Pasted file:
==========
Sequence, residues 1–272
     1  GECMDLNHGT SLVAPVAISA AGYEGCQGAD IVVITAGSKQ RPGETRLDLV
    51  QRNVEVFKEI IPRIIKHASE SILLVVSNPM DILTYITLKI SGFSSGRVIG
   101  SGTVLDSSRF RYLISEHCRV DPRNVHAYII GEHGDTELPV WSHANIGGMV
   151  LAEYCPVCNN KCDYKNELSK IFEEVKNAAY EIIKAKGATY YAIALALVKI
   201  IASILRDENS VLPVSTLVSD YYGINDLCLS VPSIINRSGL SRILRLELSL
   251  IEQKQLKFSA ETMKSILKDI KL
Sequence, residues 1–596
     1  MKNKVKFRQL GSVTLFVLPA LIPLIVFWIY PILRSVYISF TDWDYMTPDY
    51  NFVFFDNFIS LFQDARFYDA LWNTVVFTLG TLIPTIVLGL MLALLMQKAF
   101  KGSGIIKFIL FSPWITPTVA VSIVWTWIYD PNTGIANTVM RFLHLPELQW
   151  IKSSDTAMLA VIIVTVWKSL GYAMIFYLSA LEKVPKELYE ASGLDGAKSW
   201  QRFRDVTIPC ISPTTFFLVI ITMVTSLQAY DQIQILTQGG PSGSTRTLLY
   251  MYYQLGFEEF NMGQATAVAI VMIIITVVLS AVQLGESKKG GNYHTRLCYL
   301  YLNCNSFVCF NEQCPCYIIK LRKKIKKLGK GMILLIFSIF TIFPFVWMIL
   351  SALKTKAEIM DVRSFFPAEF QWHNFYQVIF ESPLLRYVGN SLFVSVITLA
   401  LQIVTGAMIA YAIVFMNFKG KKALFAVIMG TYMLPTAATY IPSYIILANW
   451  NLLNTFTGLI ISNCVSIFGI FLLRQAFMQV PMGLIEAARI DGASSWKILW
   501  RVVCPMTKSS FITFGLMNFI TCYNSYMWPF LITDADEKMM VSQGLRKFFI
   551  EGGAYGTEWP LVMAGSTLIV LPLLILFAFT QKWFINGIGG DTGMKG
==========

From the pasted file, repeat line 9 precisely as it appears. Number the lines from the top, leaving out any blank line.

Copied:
     1  MKNKVKFRQL GSVTLFVLPA LIPLIVFWIY PILRSVYISF TDWDYMTPDY